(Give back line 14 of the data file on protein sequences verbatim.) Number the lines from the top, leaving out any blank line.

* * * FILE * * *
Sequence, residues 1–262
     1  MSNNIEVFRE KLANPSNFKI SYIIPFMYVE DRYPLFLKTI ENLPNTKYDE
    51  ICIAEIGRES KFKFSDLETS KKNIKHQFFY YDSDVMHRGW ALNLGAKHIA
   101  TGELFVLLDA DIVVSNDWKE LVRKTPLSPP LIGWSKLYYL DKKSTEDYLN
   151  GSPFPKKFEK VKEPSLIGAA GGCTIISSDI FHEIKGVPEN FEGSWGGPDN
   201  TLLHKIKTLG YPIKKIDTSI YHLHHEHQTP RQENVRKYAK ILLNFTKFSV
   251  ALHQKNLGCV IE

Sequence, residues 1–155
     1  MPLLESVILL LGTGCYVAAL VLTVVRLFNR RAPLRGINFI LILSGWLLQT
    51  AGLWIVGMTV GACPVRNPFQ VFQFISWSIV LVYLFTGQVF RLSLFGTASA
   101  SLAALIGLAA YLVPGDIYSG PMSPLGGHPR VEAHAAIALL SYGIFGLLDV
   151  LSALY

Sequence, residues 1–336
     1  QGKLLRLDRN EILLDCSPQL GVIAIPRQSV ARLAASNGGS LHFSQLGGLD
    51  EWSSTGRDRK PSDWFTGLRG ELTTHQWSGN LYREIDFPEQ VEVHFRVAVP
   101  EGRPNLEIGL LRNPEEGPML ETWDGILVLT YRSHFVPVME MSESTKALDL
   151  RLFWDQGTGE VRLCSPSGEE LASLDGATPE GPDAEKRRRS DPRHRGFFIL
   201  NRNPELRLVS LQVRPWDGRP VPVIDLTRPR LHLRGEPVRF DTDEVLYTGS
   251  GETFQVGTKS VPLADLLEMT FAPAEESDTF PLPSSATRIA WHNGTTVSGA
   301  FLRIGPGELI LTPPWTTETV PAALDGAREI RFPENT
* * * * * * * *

     1  QGKLLRLDRN EILLDCSPQL GVIAIPRQSV ARLAASNGGS LHFSQLGGLD